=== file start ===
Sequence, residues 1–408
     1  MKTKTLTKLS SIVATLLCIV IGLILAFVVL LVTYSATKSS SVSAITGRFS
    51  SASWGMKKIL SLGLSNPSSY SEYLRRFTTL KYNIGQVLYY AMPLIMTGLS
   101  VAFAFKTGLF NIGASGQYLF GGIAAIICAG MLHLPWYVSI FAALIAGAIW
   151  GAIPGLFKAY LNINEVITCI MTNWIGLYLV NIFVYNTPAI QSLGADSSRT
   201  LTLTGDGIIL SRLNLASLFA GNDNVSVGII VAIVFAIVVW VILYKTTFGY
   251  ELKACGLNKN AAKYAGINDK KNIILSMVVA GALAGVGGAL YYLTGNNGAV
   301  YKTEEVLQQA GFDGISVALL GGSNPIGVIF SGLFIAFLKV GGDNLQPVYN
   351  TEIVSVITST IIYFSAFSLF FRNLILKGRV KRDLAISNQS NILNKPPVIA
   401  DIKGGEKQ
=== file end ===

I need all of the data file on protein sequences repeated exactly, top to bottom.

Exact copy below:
Sequence, residues 1–408
     1  MKTKTLTKLS SIVATLLCIV IGLILAFVVL LVTYSATKSS SVSAITGRFS
    51  SASWGMKKIL SLGLSNPSSY SEYLRRFTTL KYNIGQVLYY AMPLIMTGLS
   101  VAFAFKTGLF NIGASGQYLF GGIAAIICAG MLHLPWYVSI FAALIAGAIW
   151  GAIPGLFKAY LNINEVITCI MTNWIGLYLV NIFVYNTPAI QSLGADSSRT
   201  LTLTGDGIIL SRLNLASLFA GNDNVSVGII VAIVFAIVVW VILYKTTFGY
   251  ELKACGLNKN AAKYAGINDK KNIILSMVVA GALAGVGGAL YYLTGNNGAV
   301  YKTEEVLQQA GFDGISVALL GGSNPIGVIF SGLFIAFLKV GGDNLQPVYN
   351  TEIVSVITST IIYFSAFSLF FRNLILKGRV KRDLAISNQS NILNKPPVIA
   401  DIKGGEKQ